Although defendants argue that Kiernan is entitled to summary judgment because he had no personal involvement in the allegedly unconstitutional actions by Sickles, the Court disagrees. There is evidence that Kiernan arrived at the scene shortly after the arrest and administered the oath for the General Traffic Complaint and Misdemeanor Information signed by Sickles on July 8, 2009. As to Kiernan's knowledge of the allegedly unconstitutional nature of Sickles's search and arrest, plaintiff relies upon the involvement of both Sickles and Kiernan in his 2007 arrest and the circumstances surrounding that encounter, as well as the fact that Tara told Chillemi that Kiernan is her godfather. Moreover, Chillemi disputes Kiernan's claim that, during the July 2009 arrest, Chillemi tried to make a deal with him to avoid arrest. Thus, Chillemi asserts that Kiernan fabricated incriminating statements by Chillemi at the scene of the arrest. Construing the evidence most favorably to plaintiff, there is an issue of fact as to whether Kiernan was aware that Sickles was fabricating evidence against Chillemi on July 8, 2009 and failed to intervene to prevent the alleged constitutional violation, and whether Kiernan fabricated incriminating statements by Chillemi.

         These same disputed issues of fact preclude summary judgment in favor of defendants Sickles and Kiernan at this stage on grounds of qualified immunity. In other words, if a rational jury credits plaintiff's version of the events and finds that Sickles fabricated evidence against Chillemi during the course of an unconstitutional search and arrest, and Kiernan became aware of the unconstitutional nature of the arrest and failed to intercede at the scene to prevent any further unlawful detention, no qualified immunity would exist for either defendant.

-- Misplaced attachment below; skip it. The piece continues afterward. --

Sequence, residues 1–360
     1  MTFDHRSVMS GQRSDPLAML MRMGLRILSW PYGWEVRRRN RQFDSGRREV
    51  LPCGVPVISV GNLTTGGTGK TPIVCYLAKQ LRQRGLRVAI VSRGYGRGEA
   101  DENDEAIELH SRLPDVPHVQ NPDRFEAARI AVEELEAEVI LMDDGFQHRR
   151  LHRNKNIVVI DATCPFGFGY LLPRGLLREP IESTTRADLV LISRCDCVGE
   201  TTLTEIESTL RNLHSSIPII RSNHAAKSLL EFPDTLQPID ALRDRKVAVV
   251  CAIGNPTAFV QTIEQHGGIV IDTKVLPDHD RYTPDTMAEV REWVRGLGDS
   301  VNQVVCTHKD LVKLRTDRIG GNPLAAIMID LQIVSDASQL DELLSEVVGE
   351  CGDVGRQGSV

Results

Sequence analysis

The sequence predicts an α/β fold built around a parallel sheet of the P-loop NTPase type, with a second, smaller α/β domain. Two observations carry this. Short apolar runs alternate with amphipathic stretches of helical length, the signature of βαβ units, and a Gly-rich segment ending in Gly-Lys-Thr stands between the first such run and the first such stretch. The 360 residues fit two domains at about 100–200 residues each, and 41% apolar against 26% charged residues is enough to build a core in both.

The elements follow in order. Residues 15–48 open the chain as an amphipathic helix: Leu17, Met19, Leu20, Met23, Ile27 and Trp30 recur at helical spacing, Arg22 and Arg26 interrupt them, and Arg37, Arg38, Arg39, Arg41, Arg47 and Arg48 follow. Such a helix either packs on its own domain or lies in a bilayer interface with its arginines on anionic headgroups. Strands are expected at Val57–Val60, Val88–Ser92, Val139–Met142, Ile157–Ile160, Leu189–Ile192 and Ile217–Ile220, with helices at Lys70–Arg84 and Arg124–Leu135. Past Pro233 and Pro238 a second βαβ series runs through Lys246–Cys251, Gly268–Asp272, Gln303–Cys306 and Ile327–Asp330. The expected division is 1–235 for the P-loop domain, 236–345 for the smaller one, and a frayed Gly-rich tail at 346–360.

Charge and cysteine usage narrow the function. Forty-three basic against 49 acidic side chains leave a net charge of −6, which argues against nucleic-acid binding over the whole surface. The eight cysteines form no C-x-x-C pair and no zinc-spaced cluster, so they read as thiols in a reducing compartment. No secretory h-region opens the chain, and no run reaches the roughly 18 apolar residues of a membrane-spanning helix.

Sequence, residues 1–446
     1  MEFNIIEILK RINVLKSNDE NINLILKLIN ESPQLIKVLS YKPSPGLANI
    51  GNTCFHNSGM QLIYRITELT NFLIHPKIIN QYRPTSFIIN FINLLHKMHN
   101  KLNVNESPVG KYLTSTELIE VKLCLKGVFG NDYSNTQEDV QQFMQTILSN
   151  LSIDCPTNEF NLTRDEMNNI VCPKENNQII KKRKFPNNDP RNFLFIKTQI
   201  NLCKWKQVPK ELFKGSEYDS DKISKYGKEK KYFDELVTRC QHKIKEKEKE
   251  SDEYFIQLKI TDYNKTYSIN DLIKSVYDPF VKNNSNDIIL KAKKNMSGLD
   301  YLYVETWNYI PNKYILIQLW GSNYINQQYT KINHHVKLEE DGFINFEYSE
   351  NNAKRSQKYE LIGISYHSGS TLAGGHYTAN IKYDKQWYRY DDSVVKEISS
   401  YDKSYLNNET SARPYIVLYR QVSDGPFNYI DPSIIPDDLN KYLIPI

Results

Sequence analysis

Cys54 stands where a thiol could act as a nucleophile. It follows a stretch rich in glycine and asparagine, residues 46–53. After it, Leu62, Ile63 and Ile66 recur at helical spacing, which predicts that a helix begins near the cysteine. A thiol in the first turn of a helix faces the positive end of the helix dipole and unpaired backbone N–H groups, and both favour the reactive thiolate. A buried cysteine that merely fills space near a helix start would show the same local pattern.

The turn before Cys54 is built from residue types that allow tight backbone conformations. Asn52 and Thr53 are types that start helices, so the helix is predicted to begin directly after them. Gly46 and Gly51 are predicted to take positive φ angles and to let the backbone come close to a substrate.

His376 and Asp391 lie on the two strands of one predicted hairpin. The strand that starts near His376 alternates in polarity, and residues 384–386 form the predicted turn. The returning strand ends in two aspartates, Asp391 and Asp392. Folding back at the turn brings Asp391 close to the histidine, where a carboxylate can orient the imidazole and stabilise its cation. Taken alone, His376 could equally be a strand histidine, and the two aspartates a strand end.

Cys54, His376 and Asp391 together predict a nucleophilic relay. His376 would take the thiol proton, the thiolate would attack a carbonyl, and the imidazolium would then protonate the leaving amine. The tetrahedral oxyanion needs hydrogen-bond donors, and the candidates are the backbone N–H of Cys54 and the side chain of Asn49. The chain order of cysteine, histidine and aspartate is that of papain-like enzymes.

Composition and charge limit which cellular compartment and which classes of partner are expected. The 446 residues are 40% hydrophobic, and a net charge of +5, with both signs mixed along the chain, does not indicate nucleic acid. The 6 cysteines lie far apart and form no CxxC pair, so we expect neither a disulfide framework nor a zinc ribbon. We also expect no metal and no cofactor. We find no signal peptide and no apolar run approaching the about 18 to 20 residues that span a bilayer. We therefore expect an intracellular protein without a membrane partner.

With respect to defendant Tully, the Court concludes that summary judgment is warranted in his favor on all claims because there is simply no evidence in the record of his personal involvement in any of the alleged unconstitutional acts by Sickles, or that he was in a position to intercede during the arrest. Although plaintiff speculates that he may have been involved because of an alleged desire to prevent his daughter from dating Chillemi, such speculation is insufficient to overcome a motion for summary judgment. In short, even construing the evidence most favorably to plaintiff, no rational jury could find Tully responsible for the alleged unconstitutional acts of Sickles on July 8, 2009.

         Finally, because plaintiff does not allege that he made any statements to the police following his arrest, he cannot have a compelled self-incrimination claim. Although he does assert that Sickles fabricated a confession in order to support the arrest, that allegation should proceed (as noted above) as a fabrication of evidence claim. Accordingly, summary judgment is granted on the compelled self-incrimination claim.

         I. Background

         A. Factual Background

         The Court takes the following facts from Chillemi's and defendants' respective Rule 56.1 Statements of Fact, and any admissible affidavits, depositions, and exhibits.[3] The Court construes the facts in the light most favorable to Chillemi, the nonmoving party. See Capobianco v. City of New York, 422 F.3d 47, 50 n.1 (2d Cir. 2005). Where only one party's Rule 56.1 Statement is cited, the other party does not dispute the facts alleged or has offered no admissible evidence to refute that fact.

         1. Background Information

         Plaintiff alleges that his relationship with Detective Tully's daughter, Tara, and Sickles's desire to date Tara, led to his being targeted for arrest by defendants, both in 2007 and in 2009.